When the LARC arrived in Livermore in 1960 it was the first machine there with disk storage. Actually they were not disks but drums with moving heads. The opportunity arose to keep useful amounts of data on disk between machine shots. An important case was to store a production job and its data there to run while machine operators sought and mounted magnetic tapes for the next scheduled production run. This particular production job always had computing to do.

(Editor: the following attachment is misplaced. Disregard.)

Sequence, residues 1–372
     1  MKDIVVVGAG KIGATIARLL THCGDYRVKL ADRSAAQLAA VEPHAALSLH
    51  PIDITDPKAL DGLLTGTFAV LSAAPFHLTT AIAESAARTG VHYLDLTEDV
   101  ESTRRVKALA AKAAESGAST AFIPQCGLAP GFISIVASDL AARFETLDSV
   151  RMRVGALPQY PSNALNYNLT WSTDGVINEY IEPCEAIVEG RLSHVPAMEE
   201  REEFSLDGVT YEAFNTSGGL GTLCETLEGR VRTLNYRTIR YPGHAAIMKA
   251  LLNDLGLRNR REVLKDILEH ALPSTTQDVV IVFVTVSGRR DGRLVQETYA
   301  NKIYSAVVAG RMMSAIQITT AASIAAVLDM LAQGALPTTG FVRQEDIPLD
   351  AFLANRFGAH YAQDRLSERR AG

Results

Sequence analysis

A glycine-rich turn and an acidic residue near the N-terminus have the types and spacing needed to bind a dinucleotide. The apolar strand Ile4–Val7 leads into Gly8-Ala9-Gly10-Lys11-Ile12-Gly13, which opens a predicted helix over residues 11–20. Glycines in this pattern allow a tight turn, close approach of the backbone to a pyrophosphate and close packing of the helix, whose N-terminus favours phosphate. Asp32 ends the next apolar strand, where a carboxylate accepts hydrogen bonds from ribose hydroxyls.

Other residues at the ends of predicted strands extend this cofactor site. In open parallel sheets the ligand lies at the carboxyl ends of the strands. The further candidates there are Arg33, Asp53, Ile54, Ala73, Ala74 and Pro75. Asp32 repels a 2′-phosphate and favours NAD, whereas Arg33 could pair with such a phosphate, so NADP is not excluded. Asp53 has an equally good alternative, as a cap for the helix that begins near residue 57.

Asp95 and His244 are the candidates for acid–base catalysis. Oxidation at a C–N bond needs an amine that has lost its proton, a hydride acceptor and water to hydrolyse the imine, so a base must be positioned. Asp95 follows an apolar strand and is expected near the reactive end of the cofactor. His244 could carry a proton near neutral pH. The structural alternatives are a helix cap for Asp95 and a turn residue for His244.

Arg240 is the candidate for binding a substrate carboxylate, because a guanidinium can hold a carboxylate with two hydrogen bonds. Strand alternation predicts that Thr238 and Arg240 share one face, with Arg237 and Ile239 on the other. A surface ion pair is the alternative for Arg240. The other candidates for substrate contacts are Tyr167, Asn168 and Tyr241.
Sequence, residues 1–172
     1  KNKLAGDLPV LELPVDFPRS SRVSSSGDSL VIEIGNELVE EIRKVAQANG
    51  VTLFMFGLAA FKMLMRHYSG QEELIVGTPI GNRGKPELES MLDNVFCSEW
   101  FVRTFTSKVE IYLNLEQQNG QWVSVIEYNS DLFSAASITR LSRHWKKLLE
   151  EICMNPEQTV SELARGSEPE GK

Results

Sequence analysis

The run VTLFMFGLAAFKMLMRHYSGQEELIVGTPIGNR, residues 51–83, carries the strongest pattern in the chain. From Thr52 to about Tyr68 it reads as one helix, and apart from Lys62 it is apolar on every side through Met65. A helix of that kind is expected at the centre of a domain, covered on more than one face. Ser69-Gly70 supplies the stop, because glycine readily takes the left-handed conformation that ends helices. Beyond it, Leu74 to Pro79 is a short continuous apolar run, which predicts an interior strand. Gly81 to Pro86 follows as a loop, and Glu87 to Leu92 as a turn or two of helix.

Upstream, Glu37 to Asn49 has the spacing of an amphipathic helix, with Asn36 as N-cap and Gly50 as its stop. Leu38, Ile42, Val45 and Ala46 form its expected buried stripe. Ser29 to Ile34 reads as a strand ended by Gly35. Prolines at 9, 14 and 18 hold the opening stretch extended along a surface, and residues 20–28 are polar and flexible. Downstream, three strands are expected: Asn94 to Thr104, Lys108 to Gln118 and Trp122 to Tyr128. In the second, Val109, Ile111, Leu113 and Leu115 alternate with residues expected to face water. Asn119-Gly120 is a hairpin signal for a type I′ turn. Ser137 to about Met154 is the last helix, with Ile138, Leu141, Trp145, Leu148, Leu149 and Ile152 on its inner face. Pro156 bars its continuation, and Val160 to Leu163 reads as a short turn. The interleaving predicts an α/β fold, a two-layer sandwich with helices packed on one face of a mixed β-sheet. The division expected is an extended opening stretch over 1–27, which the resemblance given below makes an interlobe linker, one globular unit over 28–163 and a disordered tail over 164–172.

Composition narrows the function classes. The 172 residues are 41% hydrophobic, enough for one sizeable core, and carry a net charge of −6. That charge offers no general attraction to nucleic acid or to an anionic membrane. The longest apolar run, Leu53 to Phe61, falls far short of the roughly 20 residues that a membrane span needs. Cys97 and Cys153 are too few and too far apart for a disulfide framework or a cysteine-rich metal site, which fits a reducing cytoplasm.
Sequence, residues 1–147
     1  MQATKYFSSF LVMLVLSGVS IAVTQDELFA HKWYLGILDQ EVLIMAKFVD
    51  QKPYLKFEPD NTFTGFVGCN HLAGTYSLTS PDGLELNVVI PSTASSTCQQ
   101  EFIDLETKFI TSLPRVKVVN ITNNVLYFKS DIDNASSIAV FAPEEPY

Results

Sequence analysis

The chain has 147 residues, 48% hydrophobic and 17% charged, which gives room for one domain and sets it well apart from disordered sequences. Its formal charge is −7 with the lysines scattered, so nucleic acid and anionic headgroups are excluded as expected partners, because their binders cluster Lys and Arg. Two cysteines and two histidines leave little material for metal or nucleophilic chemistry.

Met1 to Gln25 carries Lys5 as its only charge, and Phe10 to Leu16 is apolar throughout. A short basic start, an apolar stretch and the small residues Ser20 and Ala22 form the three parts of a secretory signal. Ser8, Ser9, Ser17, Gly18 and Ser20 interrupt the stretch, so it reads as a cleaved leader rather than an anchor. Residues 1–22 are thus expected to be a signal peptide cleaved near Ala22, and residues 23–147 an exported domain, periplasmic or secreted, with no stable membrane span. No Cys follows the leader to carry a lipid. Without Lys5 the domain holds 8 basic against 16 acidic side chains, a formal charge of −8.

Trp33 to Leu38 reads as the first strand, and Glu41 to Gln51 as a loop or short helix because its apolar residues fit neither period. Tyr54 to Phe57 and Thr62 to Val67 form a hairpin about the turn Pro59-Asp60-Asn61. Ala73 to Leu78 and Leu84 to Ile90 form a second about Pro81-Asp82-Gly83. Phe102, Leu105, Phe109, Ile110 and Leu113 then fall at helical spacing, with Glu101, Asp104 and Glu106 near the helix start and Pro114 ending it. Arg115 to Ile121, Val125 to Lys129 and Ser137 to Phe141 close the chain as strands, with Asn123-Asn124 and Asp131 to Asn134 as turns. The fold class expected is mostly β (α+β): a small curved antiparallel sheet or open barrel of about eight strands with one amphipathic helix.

The LARC had no card reader so bringing a card deck to the machine for your debug shot was not an option. Those who could benefit from a small amount of space on the drums would wonder which drum addresses to use. There was an office with a blackboard where a list of such allocations were kept. If you staked a claim there, there was a good chance that no one else would write there. The machine had no operating system to enforce these rules.
I suppose that other institutions followed similar patterns and I presume that such was the origin of the earliest patterns a few years later of allocating disk space, only enforced by privileged code. The OS would have a notion of who was running and keep programs off other people’s space.